Although in the past the EU has championed the JAES as an instrument for moving beyond donor-recipient relations towards genuine partnership with Africa, it has failed to link adequate means to the strategy. This has hampered any real impact. Instead, the major resources from the European Development Fund (EDF), such as the Africa Peace Facility (APF), remained linked to the Cotonou Agreement, with its ACP governance structures, and only a small pan-African envelope was provided from the EU Budget’s Development Cooperation Instrument (DCI). A key issue to resolve will therefore be to see to what extent funds can be linked to the relationship between the two Unions.
This leads directly into another important EU debate in 2018: the MFF.
Although slow progress on Brexit has delayed the start of MFF to mid-year, funding will be at the top of the EU agenda from May onwards when the European Commission is due to publish its proposals.
From an Africa-Europe relations point of view, observers will be keen to see what the proposals contain on external action under Heading 4 on Global Europe. Will there be a proposal for a new peace and security instrument that might include the APF? Will the Commission once again propose to include the EDF in the EU Budget even though this can negatively affect the old EDF principles of security of funds and of co-management? There is some talk of a single instrument for development cooperation to give the Commission greater flexibility to manage funds, but what impact would that have on the ability of the European Parliament and the Council to ensure proper budgetary scrutiny?
While no-one wants to see them micromanage the Commission’s work it is also vital that funds for different purposes are carefully earmarked and that a clear distinction is made between funds for EU priorities and interests on the one hand, and funds for supporting partner country priorities and ownership on the other.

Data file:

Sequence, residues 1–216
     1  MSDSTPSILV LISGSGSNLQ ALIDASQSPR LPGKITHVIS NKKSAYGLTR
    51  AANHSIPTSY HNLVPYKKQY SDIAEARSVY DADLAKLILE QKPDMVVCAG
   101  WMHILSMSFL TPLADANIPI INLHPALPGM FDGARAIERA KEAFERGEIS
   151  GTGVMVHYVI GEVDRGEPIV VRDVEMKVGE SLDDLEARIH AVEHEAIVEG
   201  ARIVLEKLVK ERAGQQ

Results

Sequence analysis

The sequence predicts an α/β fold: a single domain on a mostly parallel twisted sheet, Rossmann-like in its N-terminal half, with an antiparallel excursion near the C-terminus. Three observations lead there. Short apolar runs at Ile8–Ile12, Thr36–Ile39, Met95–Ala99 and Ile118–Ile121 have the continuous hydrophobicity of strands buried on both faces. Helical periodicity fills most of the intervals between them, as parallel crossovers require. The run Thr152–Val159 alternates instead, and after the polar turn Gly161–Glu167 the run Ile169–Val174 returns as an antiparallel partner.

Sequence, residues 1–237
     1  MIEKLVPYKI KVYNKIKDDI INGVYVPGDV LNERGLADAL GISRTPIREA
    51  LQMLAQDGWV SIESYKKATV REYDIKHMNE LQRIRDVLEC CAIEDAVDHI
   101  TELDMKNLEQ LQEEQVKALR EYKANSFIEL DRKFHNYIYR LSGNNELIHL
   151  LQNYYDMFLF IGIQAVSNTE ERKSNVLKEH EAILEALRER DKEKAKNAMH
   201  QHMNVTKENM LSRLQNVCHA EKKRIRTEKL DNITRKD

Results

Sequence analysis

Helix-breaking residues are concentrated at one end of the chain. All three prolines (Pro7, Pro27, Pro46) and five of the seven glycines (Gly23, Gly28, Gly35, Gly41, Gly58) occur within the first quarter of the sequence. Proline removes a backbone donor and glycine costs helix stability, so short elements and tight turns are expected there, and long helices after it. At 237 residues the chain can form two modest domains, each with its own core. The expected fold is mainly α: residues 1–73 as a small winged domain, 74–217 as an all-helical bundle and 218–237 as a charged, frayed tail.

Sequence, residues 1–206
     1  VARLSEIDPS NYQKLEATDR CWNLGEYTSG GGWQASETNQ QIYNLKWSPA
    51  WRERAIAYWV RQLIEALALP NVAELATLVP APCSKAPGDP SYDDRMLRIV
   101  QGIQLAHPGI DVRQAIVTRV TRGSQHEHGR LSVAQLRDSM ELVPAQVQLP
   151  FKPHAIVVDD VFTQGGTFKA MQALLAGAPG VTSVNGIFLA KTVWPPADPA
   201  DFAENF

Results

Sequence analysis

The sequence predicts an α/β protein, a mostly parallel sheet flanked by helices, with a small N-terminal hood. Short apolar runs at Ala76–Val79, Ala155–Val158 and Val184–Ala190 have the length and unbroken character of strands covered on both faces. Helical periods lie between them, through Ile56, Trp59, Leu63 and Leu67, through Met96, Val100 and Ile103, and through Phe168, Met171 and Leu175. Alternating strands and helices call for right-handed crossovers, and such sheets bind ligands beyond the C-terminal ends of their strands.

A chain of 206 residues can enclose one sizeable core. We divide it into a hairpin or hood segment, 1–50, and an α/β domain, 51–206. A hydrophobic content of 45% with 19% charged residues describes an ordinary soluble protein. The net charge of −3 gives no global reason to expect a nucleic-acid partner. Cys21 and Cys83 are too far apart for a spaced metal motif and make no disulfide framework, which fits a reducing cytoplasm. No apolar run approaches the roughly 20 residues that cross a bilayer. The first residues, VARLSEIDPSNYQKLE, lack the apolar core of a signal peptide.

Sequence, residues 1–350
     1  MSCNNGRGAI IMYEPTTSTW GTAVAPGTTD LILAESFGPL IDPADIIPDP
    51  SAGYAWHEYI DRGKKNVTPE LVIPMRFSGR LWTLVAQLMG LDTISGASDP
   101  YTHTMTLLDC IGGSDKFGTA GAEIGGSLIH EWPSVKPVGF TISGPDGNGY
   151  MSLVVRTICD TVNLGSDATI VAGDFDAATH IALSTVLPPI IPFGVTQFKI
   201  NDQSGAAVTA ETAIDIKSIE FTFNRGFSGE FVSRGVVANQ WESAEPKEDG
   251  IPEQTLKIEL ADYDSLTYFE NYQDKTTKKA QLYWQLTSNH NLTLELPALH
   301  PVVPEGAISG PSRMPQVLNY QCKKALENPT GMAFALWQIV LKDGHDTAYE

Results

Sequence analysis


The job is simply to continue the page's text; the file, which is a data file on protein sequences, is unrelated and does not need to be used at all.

The progress of the Brexit negotiations is another concern for the MFF discussions and particularly in terms of the reduced resources that will be available to the EU. On the one hand, having 15% less funds should push the EU to prioritise more carefully what it seeks to do in international cooperation.
On the other hand, some thought should be given to how best to design instruments so that the UK might be encouraged to still cooperate closely with the EU albeit from outside. Might a post-Brexit UK even still be persuaded to contribute to a new EDF if this remains clearly outside the EU Budget?
The African Union will also be working on funding in 2018. The Kaberuka report on financing the AU proposes that the Union moves towards financing 75% of its own operational budget and 25% of its peace support operations budget. Progress towards this ambitious target is to take place over the next three years and the key fundraising measure proposed is the introduction of a 0.2% levy on certain imports. Some African states have already started to take steps to implement this decision, but there are still some hurdles to tackle and 2018 will show whether these can be overcome and whether all African states follow suit.
The Kagame report, on the other hand, relates to reforming the African Union in an effort to increase effectiveness by focussing its work on fewer issues. Implementation of the decisions is scheduled to take place over 2018 and 2019. Paul Kagame will be in a strong position to oversee implementation as Rwanda will take on the presidency of the AU as from this January’s Summit. Actions in 2018 will focus on making AU summits more effective and efficient and on clarifying the division of labour among the AUC, Regional Economic Communities (RECs) and other institutions. Henceforth the July summits will become focussed on coordination with the RECs and other Regional Mechanisms.
Both Unions thus have important institutional agendas of their own this year. At the same time they have a unique chance to rationalise and simplify their cooperation. Now is a key moment to get it right.